In this example using arbitrary DQ mapping, the physical data in the parity array will not match the one in the main array. Using memory system 40 in FIG. 2 and equations 1 and 2 above where DATAA=1 and DATAB=0 for example, produces a one followed by a zero in each of memory cell pairs 51-54 (data memory), but a zero followed by a one in each of memory cell pairs 55-56 (parity memory)
The DQ mapping within ECC circuit 42 can be arranged, however, such that the physical data in the data memory array will match the physical data in the parity memory array. One example of such an application using one of these arranged DQ mappings is illustrated with reference to the table in FIG. 4. Again, the 15 bit positions are illustrated across the second row and the bit definitions for the ECC circuit are each illustrated across the first row. Rows three through six of the table represent all possible data values of DATAA and DATAB.
The combination of the particular bit positions (1-15) through XOR operation is done the same way as explained above in reference to the table in FIG. 3. In this case, a static signal (X=0) is applied to all unused ECC positions, which in this example is bit positions 6, 9, and 15. In addition, the assignment of DQ data bits to the ECC positions is changed such that for all combinations of DATAA and DATAB:
P 0 =P 1=DATAB; and
P 2 =P 3=DATAA.
In this way, when ECC circuit 42 is designed in accordance with the bit assignments in FIG. 4, and equations 1 and 2 above are used, then D0=D1=D2=D3=P2=P3 and D4=D5=D6=D7=P0=P1. By associating the parity bits P0, P1, P2 and P3 with the correct physical elements in the parity array, the parity array has the exact same physical data topology as the main array when writing through the ECC circuit 42.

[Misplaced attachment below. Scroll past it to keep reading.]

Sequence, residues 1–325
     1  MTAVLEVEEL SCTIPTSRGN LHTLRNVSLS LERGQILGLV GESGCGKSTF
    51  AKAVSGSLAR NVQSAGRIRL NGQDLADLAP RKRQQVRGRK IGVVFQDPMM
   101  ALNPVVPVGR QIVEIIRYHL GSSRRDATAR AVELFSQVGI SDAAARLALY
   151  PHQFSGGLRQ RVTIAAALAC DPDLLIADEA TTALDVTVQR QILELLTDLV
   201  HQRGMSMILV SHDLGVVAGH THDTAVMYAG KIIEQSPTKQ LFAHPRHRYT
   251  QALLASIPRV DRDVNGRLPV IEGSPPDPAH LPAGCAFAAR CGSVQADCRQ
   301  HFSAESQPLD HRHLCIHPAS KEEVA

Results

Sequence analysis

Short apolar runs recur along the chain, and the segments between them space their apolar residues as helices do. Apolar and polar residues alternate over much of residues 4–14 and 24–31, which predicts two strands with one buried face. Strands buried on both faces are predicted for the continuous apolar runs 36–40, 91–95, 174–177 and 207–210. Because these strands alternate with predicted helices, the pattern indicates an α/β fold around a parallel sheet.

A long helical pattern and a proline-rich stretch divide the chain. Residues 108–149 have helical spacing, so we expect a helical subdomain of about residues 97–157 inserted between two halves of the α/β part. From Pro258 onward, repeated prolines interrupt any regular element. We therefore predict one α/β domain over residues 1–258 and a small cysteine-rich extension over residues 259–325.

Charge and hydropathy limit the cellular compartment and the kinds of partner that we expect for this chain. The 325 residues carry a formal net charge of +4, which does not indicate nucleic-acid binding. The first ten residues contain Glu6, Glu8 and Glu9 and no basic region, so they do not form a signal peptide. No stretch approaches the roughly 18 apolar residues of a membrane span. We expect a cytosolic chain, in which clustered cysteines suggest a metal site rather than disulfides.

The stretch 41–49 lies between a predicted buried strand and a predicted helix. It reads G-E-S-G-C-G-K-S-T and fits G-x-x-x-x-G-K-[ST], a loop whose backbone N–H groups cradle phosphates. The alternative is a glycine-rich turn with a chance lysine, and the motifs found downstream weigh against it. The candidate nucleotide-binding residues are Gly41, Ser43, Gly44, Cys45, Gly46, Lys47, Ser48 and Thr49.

On skilled in the art will understand that the associations of the parity bits P0, P1, P2 and P3 with the physical elements in the parity array in FIG. 4 is just one example of how the parity bits can be associated to ensure that the parity array has the exact same physical data topology as the main array when writing through the ECC circuit 42. Other combinations are possible as well. Also, in any case, the physical topologies in the parity array and data memory are correct whether memory chip 12 is tested with or without DQ compression, as long as equations 1 and 2 are fulfilled. With this arranged DQ mapping, no test time overhead for the writing of topologically correct data to the parity memory array is incurred. This results in efficient testing.
Although specific embodiments have been illustrated and described herein, it will be appreciated by those of ordinary skill in the art that a variety of alternate and/or equivalent implementations may be substituted for the specific embodiments shown and described without departing from the scope of the present invention. Thus, this application is intended to cover any adaptations or variations of the specific embodiments discussed herein. Therefore, it is intended that this invention be limited only by the claims and the equivalents thereof.